Scientists are currently investigating a new way to print these complex organs by combining organic material with mechanical chips. These chips are able to replicate certain biological stimuli, including fluid flow and chemical gradients, in order to achieve some degree of organ function within a much simpler biological structure. Using these chips will allow for better mass production of a variety of tissues and organs. This particular technology is being used to create tissues that will be used for testing pharmaceutical drugs. There is an opportunity for these tissues to be expanded to use in the human body, but the majority of companies using this technology are still in the startup phase. 

            While the use of 3D printing to create complex artificial organs is not completely viable today, the technology is improving rapidly. Within a few years, the waiting times and problems with organ transplants could be a thing of the past.  

What Makes and Breaks the World’s Tallest Trees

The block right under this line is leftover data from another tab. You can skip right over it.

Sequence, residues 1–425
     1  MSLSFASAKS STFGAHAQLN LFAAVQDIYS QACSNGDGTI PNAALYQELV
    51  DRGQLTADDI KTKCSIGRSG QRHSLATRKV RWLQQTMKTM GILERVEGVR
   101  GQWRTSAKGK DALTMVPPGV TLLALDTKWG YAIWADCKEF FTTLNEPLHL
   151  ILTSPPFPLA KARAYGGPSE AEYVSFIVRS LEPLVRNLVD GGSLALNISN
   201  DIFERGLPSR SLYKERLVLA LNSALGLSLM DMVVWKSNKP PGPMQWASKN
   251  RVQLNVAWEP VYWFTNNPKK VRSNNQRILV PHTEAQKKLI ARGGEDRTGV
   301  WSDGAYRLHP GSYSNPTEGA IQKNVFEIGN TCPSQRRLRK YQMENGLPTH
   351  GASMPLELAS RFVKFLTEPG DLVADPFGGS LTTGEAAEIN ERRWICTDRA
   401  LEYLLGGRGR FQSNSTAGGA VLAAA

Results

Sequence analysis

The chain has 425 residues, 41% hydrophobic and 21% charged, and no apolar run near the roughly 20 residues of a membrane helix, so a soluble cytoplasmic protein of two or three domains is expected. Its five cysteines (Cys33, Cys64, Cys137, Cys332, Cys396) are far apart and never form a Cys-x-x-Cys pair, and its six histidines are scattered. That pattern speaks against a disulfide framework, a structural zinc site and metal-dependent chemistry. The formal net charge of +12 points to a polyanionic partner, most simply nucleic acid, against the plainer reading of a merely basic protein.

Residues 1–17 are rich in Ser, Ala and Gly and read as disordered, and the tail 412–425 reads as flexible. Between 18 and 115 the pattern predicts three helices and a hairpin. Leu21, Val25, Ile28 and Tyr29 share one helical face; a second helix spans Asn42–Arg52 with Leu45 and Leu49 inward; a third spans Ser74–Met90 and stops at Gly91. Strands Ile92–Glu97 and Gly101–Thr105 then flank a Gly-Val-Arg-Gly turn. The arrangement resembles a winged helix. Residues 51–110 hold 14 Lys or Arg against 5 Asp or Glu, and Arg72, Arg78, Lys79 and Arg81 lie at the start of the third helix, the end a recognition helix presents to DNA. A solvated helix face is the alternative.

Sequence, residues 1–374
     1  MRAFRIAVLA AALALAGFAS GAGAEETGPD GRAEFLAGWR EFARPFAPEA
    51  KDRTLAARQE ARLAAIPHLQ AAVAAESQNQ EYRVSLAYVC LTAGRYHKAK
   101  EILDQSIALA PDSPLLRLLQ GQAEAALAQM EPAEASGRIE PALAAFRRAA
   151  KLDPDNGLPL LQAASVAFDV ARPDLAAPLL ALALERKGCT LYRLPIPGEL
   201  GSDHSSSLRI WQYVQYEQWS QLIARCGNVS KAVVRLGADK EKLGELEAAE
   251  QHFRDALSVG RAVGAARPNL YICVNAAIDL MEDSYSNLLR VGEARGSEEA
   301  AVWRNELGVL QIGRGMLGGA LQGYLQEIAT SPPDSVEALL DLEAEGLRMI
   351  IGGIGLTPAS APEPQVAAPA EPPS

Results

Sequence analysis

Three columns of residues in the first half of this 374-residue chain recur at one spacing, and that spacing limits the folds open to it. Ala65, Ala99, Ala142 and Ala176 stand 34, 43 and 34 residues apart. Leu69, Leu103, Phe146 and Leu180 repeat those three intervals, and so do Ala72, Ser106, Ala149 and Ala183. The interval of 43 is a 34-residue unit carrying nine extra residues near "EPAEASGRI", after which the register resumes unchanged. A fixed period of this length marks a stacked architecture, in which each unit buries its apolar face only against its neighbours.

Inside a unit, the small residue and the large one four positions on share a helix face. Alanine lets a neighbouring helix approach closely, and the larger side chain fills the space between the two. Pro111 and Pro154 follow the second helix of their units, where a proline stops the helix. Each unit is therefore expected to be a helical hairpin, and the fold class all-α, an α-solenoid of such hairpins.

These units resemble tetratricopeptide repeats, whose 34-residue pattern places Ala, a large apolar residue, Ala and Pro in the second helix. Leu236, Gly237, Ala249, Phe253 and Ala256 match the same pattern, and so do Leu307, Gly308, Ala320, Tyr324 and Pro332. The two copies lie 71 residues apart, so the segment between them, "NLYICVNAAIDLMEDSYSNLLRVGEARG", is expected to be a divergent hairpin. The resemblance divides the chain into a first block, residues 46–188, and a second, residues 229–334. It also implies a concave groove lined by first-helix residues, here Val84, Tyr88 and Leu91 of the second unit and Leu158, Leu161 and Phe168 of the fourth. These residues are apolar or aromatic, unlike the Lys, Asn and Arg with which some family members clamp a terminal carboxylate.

Trees have the potential to be the largest organisms on Earth. The world’s tallest tree, dubbed Hyperion, is 380 ft tall and weighs over 1,600,000 lbs. Compared this to the world’s largest animal, a particularly massive blue whale which was 100 ft long and weighed 380,000 lbs, the simply massive size of this tree should be obvious. And unlike a whale, a tree is much less likely collapse and crush itself under its own weight. Trees need to be tall, even if doing so consumes a lot of resources, in order to compete for sunlight. So what lets trees get this big, and what limits their height?

A diagram showing a space shuttle, which when prepared to launch is less than half the height of Hyperion, General Sherman, a wider but slightly shorter tree of a different family sequoia, a blue whale that is much shorter than either tree, and the statue of liberty, whose torch barely comes close to the shorter of the two trees
Comparison diagram of the World’s largest trees – Sequoia Tree Comparison Chart, Sequoias